There's an app for that.

There’s an app for that.

As plug-ins started to sound better and better, many engineers felt that they could get excellent results just using a computer, but still noticed a difference between mixes done on a console vs those done entirely “ITB” (in the box). Mixes done entirely in the computer had a sense of being flatter and more crowded, with a smaller soundstage, less width and openness. While almost no one thinks that ITB mixes necessarily sound bad, many feel that they don’t entirely hold up when compared to mixes done at least partly in the analog domain.

The Dangerous 2-Bus was the first summing mixer created to address this problem. The theory is this: when a mix is done ITB, all the tracks are combined as numbers–they are summed mathematically to create a stereo mix. In the analog domain, the tracks are combined as electricity flowing through the console’s master bus. No matter how good the individual tracks sound, this final stage of summing is the place where digital gets it wrong–even though it’s arguably perfect, because math and stuff.  When a summing mixer is used with a DAW, multiple streams of audio are sent out of the computer through a multichannel D/A converter (i.e. vocals, bass, drums) into the summing mixer, which combines all of the tracks into a stereo signal. This stereo signal is then recorded to tape, to a digital recorder, or back into a stereo track in the DAW to create the final mix.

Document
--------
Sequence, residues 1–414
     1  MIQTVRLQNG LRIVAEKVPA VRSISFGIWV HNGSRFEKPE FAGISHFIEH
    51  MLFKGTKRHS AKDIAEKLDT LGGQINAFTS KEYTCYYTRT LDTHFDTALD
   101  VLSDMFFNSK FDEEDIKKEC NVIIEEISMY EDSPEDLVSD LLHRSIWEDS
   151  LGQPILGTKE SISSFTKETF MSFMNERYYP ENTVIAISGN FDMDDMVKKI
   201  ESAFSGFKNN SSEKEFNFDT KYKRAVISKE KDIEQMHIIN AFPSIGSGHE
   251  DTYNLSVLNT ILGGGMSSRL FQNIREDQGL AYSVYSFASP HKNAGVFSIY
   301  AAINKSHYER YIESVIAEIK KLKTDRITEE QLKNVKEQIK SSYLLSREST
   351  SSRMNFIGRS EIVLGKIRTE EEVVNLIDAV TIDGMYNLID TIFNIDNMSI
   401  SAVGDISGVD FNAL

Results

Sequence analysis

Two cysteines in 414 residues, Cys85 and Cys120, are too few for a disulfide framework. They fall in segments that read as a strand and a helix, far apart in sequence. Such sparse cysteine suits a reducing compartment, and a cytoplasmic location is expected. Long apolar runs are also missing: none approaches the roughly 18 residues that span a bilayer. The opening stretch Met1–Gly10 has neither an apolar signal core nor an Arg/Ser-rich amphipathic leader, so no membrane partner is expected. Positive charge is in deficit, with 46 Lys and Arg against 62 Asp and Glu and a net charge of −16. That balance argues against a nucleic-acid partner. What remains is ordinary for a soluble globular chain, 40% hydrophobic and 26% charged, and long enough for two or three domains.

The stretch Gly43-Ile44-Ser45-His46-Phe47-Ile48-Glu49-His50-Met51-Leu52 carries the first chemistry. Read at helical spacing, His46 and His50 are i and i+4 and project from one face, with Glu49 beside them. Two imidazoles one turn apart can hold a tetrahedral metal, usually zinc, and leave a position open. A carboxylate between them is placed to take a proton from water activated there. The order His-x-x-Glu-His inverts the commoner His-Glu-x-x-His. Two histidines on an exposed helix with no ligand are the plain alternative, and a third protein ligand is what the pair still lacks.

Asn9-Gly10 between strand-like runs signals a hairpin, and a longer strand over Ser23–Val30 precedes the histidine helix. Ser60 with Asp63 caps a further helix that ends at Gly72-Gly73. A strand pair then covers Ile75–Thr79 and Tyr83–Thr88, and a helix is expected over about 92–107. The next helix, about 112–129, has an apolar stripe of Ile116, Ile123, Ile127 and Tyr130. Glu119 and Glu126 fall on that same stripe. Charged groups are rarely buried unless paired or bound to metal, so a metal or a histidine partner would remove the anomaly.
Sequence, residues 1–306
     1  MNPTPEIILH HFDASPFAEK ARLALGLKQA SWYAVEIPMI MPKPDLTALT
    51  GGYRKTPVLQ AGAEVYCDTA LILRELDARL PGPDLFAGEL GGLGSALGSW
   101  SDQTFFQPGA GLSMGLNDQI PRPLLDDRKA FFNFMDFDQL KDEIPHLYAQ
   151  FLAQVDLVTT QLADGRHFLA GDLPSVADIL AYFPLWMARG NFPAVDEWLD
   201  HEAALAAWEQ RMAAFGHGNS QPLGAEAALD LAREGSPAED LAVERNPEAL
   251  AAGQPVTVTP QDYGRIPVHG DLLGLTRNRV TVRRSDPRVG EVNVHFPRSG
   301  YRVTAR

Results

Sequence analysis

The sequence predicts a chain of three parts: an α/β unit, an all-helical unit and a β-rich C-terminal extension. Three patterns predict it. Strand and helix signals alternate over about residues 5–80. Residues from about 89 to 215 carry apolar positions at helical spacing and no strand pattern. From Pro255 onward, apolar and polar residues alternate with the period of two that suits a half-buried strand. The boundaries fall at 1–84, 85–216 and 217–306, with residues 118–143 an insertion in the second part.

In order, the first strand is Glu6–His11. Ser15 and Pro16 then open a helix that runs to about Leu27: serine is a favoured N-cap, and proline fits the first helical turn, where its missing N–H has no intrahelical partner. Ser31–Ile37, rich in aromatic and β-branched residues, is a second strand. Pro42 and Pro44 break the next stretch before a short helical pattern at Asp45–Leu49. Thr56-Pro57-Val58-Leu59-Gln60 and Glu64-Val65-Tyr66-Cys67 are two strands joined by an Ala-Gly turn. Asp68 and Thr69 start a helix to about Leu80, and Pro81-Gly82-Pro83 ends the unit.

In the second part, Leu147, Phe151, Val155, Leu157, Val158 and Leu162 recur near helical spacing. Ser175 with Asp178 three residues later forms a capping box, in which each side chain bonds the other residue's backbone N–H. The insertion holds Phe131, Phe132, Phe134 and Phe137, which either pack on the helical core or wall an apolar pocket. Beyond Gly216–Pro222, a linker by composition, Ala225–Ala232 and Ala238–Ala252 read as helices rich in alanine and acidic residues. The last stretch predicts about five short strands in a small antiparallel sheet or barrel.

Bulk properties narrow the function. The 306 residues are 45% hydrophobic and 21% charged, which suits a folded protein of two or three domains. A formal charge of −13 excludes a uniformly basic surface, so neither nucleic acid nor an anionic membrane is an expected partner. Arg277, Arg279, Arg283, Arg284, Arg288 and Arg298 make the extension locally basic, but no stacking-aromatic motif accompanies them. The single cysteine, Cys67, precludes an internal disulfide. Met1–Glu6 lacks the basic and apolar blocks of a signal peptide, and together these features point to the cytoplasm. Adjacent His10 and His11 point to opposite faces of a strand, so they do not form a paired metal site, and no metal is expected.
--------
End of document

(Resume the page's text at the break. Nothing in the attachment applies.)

So you know who to blame.